Beer mats and noodles headlined as musical instruments when Chinese musician and poet Yan Jun was joined by 10 students and staff from De Montfort University Leicester (DMU).
Fast gaining recognition across Europe and the West, the Beijing-born artist is known for his improvised and experimental music, field recording and writing.
During an evening exploring ‘noise as music’, Yan was joined by DMU staff, students and five other contributors from as far as Stockholm’s Royal College of Music (KMH), Plymouth University and the University of Edinburgh.
Contributors were invited to respond to Yan’s provocative text called The Laundrette by the Sea, which looks at the way in which different types of noise are accepted as music.
Held at Leicester's independent art centre, the Phoenix, and organised in partnership with DMU’s Music, Technology and Innovation Research Centre (MTIRC), the night saw compelling contributions such as music, video and text, which explored subjects ranging from materialism and ecosystems to textile-based objects and battery-powered synthesisers.
Matt Rogerson, a final-year Music, Technology and Performance student, centred his performance around the noise people make when they are eating - something he admits having an 'acute intolerance' towards.
He said: "I used noodles from a local Chinese takeaway as my instrument and ate it very loudly in front of a microphone. It was very cold by the time I performed, which resulted in me gagging and spitting it out a lot of the time, creating a variety of disgusting noises.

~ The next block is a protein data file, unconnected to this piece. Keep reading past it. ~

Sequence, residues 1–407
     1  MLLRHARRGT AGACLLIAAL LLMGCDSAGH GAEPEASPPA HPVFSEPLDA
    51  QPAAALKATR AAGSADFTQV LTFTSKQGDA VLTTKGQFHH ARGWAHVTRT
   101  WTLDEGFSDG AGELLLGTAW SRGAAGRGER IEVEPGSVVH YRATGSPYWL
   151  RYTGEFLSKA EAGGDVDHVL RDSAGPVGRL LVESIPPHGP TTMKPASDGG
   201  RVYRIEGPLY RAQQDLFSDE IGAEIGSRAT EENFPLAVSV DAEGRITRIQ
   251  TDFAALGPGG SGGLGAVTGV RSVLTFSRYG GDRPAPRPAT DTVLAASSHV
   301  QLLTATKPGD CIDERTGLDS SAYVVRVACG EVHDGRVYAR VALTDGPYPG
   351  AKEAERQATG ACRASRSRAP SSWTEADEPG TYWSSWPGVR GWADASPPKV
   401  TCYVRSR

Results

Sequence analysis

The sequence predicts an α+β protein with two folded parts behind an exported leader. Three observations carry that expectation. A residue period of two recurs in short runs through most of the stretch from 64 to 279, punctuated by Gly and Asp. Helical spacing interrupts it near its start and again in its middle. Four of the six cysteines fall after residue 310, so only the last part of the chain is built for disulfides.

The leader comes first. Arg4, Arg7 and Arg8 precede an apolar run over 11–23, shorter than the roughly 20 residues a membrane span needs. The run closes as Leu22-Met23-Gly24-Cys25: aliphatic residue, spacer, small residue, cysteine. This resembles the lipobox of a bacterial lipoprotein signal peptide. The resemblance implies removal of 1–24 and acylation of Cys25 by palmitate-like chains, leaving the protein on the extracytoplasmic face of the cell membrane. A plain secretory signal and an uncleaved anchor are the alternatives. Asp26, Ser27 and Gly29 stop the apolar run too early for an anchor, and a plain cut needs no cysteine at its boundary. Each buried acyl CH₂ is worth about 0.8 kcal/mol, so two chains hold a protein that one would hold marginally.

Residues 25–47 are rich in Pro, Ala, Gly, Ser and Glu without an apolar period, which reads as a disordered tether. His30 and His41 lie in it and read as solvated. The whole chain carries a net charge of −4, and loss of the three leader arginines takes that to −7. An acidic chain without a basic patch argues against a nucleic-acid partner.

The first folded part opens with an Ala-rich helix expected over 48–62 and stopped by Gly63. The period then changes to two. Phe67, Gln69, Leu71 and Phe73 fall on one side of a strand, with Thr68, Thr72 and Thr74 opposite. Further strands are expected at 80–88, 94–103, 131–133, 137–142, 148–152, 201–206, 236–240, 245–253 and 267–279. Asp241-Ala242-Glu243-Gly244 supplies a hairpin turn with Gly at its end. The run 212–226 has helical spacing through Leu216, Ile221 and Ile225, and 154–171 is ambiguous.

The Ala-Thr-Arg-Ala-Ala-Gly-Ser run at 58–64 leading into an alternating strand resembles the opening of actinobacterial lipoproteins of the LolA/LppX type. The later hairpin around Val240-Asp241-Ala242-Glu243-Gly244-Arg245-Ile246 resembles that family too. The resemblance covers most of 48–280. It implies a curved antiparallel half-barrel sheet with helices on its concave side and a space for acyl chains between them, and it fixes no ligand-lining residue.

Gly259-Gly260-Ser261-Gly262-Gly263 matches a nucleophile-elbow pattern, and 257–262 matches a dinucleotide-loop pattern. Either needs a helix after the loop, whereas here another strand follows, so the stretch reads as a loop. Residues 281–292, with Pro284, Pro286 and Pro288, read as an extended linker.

"I then looped these sounds and processed them with various guitar effects pedals, maintaining a continuous vulgar soundscape.
"To perform for an artist like Yan was a very freeing and brilliant experience!"
Part-time lecturer and PhD student at the MTIRC, Amit Patel, performed a piece called Predictive Noise with DMU reader in music Dr John Richards.
It involved projecting the text that Dr Richards’ was typing live on a smartphone with Amit playing an instrument he constructed using a beer mat as a base.
Amit's beer mat instrument
The DJ and sound-artist started developing the idea for this instrument during a week-long residency at KMH earlier this year as part of a #DMUglobal trip.
He said: "It was an incredible evening – an interesting fusion between the local and the international and a rare chance for postgraduate and undergraduate students to work together.”
The following day Yan also brought his thrilling and unpredictable performance to DMU’s PACE building, during a well-attended event which was open to the public.
Dr Richards said: “It was very exciting hosting an artist like Yan Jun, not only in Leicester, but also at DMU.
“His work fundamentally addresses questions about what music and music technology is and can be today. The different cultural perspective he brings with him is also very interesting.”
The other contributors to the event at Phoenix were: Professor Leigh Landy (Director of DMU’s MTIRC), David Strang (academic and PhD student at Plymouth University), Dr Owen Green (academic at the University of Edinburgh), Max Wainwright (KMH student), Steph Horak (Computational Arts MA Goldsmiths graduate), Johan Erikkson (PhD student at Birmingham Conservatory), Luigi Marino (University of Birmingham and DMU PhD student), and DMU postgraduate students Dr Neal Spowage, Steve Jones, Mungo Zhangruibo, Jim Frize and Sam Topley.
Posted on Thursday 8th December 2016